One way to encourage participation in virtual meetings is to ask for participation. Seems obvious, right? But rather than simply asking “any questions?” at the end of a statement or meeting, it’s important to call on people. Someone may be sitting there with an idea, but doesn’t think it’s important enough to share.
If you call on a few meeting participants with more pointed questions, you’re likely to get better feedback. And, here’s a key part, when a person hears their own name it immediately sends signals to their brain to be on alert. It’s also a great way to get everyone on the team to pay attention since they could be up next.
Hearing your name perks up your ears and gets your heart pumping a little. And if you don’t know when it’s coming, you’re likely to be listening for it. There are several regions in the brain that become activated when a person hears their name (as opposed to other people’s names), which suggest that hearing one’s own name provides a unique brain response.
There are cognitive and emotional attachments we have to our name, and when people use it, we’re disposed to perk up, pay attention, and participate. Science! Now…wouldn’t it be interesting to know if hearing your first, middle, and last name all together triggers activity in the “am I in trouble” lobe of the brain?
#6 Help attendees stay anchored and present
An anchor is meant to hold you steady, not drag you down with it, according to some words on a pillow I saw once, and also probably sailors. Even though we are physically distant from each other in virtual meetings, we can still find ways to be present and connect with fellow employees.
One way to help everyone get mentally prepared and focused is to start with a physical exercise. There are a variety of options to get meeting attendees moving, but physical anchoring is a practice that helps people be present and arrive in a space, even if it’s at their own desk. You could lead the super short session yourself, or use those newly developed delegating skills and have another team member take over.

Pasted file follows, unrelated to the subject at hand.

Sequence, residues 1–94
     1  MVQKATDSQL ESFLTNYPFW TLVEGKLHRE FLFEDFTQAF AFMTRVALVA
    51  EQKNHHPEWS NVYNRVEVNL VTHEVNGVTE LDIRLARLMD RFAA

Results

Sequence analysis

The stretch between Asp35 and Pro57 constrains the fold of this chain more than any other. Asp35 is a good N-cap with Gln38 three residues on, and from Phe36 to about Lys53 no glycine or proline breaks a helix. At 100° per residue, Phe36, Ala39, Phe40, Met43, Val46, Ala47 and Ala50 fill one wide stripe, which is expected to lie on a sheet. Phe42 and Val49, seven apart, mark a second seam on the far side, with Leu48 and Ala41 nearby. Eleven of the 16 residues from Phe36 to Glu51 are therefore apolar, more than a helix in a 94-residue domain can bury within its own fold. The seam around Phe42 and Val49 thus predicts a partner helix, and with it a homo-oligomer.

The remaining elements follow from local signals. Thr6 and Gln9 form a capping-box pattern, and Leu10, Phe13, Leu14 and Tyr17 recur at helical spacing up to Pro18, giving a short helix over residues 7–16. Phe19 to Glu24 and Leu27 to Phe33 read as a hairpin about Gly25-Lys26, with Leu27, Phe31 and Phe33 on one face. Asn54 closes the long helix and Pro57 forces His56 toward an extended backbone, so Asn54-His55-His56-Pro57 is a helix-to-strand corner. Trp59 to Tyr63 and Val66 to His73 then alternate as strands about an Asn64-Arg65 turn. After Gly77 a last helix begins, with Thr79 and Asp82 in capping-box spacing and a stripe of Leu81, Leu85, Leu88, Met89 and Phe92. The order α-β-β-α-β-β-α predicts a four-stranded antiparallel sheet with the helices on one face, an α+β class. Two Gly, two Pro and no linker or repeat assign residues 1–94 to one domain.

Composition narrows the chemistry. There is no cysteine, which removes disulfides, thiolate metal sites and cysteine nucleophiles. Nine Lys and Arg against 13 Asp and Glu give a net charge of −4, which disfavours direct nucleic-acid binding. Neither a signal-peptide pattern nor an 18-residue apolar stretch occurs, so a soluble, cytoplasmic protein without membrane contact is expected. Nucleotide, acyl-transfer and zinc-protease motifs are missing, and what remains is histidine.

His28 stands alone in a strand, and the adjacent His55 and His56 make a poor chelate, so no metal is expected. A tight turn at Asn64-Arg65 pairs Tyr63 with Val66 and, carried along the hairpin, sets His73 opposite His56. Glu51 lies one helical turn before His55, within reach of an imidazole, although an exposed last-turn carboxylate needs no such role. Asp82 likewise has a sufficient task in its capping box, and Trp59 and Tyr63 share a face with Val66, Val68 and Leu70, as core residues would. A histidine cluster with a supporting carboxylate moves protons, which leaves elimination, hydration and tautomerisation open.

A physical anchoring exercise starts by alternately shrugging and relaxing your shoulders, and stretching your neck a moment. Next, slowly stretch your arms up, like you’re trying to touch the ceiling. Then open your arms wide, out to the side, trying to take up as much room as you can as you do little arm circles in each direction.
Of course, you can mix up or add to these motions, but the main point is to get circulation going and help people fully occupy the space they’re in. When that happens, people should feel more comfortable and free to participate.
Here’s a video with an example, as well as some other tips for virtual meetings that make for better online group engagement.
#7 Break the ice, and let it flow
If you have a small team or group whose virtual meetings occur multiple times a day, an ice breaker isn’t essential every time. However, for most virtual meetings, it’s a good idea to begin with a check-in to connect on a more personal level. An icebreaker can get attendees to open up, which will likely keep the conversation flowing more easily throughout the meeting.
There are as many ideas for icebreakers as there are virtual meetings in any given month, which is somewhere around what seems like infinity. You can try playing Two Truths and a Lie, in which team members try to pull one over on one another, or Would You Rather, or share a fun fact, or literally any (work-appropriate) question to get attendees talking. Whichever approach you take, you’ll encourage participation, and maybe even lighten the mood.
#8 Watch how it’s done by a pro
If you’re a person who learns by watching and wants to observe someone who knows how to get people to participate, you should think about bringing in a professional virtual entertainer for virtual meetings. A professional meeting facilitator you ask? Well yes, I answer. It could be a meeting facilitator for a year-end town hall type meeting, an emcee for an upcoming event, or a clean comedian for a virtual awards ceremony to keep the spirits up.
In addition to the service provided, you’ll be able to pick up some excellent examples of how to get attendees to participate. A professional Emcee or Clean Comedian can completely revive virtual meetings and events. It’s a wonderful way to increase participation amongst team members, since a professional knows how to read the virtual room and crank up the intensity if the energy starts to slip. Remember the lessons from #3 on this list, and be sure to prepare a plan for your virtual meeting ahead of time alongside the professional facilitator you hire.
Keep Reading: 5 Ways To Effectively Lead Virtual Team Meetings
Adam Christing is a professional comedy magician, virtual MC, and the founder of CleanComedians.com. He is a member of the world-famous Magic Castle in Hollywood and a popular virtual comedian, magician, and virtual speaker.